To Your Health
July, 2008 (Vol. 02, Issue 07)
Prior to the 1930s, farmers fertilized their crops with organic substances. Unfortunately, modern, economic-based agriculture has virtually replaced all the critical organic complexes with inorganic (synthetic/toxic) fertilizers, which cause toxicity in water runoff and further imbalance the delicate nature of our soil.
In the 1930s, when farmers began to add inorganic fertilizers to the soil, it was presumed that biological organisms could assimilate minerals in any form. Unfortunately, this is not the case. We are now discovering inorganic minerals can't be assimilated easily by plants; they must first be combined with organically complex matter before they can be used. No wonder our food is less and less nutritious. No wonder it lacks taste, and no wonder modern farmers have to apply more and more toxic pesticides, herbicides and chemicals every year just to get their crops to market.
Organic vs. Inorganic Trace Minerals
Let's look at a similar dilemma. The human body is intended to derive minerals from organic complexes supplied in the foods we eat. Unfortunately, these critical, disease-preventing, organic nutrients aren't present when our food is grown in depleted soil. And, just like the farmer who has attempted to alter the soil with inorganic toxic chemicals and fertilizers, we have tried to add inorganic trace minerals to our diet in the form of colloidal supplements, with even worse potential consequences. It's important to reiterate that most trace minerals are not recognized, absorbed or utilized by living tissue unless they're carried in organic complexes.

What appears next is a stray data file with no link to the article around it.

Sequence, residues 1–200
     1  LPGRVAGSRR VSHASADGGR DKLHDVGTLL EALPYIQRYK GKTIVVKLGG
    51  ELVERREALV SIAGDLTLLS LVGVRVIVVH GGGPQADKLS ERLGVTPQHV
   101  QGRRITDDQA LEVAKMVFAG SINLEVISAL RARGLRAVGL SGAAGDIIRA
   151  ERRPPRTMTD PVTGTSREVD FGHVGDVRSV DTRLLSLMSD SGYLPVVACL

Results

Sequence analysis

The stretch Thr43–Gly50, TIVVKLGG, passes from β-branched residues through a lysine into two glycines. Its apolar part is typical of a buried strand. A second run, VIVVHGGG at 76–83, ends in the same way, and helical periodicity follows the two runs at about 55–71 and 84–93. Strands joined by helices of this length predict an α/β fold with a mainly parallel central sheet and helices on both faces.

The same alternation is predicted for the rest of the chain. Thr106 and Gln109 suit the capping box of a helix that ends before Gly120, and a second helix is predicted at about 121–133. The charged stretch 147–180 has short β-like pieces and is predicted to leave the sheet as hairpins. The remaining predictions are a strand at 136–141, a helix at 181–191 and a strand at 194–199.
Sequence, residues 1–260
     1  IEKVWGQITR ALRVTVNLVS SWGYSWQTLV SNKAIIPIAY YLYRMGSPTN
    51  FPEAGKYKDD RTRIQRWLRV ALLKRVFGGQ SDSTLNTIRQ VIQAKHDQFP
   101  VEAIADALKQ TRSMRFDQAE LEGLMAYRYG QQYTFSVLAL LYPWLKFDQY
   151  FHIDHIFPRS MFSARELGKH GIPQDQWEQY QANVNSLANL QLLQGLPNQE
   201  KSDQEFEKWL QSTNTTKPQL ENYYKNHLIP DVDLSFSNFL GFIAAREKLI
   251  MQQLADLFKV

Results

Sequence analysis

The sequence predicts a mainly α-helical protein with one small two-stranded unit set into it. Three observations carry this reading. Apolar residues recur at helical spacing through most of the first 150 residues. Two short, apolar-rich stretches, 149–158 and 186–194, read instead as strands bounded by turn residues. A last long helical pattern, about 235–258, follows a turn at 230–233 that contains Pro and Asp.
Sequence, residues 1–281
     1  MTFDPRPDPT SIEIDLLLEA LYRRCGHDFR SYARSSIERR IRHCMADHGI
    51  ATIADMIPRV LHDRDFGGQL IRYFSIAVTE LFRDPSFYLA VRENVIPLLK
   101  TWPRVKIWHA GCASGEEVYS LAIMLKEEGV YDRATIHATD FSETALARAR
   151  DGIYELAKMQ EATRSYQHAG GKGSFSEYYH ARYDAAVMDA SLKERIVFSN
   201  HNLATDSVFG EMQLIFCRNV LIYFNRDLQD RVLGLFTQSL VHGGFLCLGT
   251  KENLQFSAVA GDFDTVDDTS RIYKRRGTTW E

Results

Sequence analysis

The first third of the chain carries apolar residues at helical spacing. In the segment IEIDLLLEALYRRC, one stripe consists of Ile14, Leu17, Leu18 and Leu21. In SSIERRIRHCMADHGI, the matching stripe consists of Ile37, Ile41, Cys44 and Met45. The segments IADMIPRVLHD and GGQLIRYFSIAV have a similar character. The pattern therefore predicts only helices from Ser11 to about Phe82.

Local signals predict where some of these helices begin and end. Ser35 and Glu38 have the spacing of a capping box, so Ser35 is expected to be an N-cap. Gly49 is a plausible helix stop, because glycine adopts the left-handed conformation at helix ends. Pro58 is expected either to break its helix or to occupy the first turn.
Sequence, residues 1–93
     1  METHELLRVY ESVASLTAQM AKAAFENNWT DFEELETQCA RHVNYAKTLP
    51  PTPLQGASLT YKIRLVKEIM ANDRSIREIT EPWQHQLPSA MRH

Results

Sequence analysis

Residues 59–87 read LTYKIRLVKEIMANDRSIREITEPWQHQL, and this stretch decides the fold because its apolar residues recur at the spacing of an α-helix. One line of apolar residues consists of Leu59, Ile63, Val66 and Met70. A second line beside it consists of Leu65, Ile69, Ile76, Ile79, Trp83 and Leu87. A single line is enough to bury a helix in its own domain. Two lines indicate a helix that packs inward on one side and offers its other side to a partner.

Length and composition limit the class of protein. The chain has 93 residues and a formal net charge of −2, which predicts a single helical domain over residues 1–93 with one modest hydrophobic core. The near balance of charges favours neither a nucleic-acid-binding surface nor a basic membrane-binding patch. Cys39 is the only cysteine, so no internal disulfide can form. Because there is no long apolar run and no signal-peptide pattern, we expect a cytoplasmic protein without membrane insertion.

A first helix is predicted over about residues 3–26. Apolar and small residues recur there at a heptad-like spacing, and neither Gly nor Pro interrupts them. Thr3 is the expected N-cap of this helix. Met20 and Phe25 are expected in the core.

Even the best inorganic trace minerals (e.g., coral, colloidal and/or ionic) are extremely large and insoluble, with high atomic weights and large sizes ranging from 1-100 nm. These molecules are giant compared to organically complexed minerals, and might be rejected at the cellular level due to their synthetic composition, size or weight. Moreover, they eventually might accumulate in the body, as they are stored in extracellular spaces, outside the cell's interstitial fluid and fatty tissue. Over the course of time, this can lead to severe toxicity and disease.
How different are organically complexed minerals compared to colloidal minerals? Organically complexed trace minerals are definitively different in that they are naturally chelated - ultra tiny - and they have ultra-low molecular weight. They are approximately 50 to 100 times smaller and much lighter in weight. They are physically small enough that they easily can be carried into the cells of our bodies. They are bound by carbon (living matter) and have innumerous health benefits, aiding in both intracellular and extracellular detoxification. Thus, when trace minerals are combined with organic matter, they become an enriching meal of living minerals rather than a toxic plate of inert, dead rocks.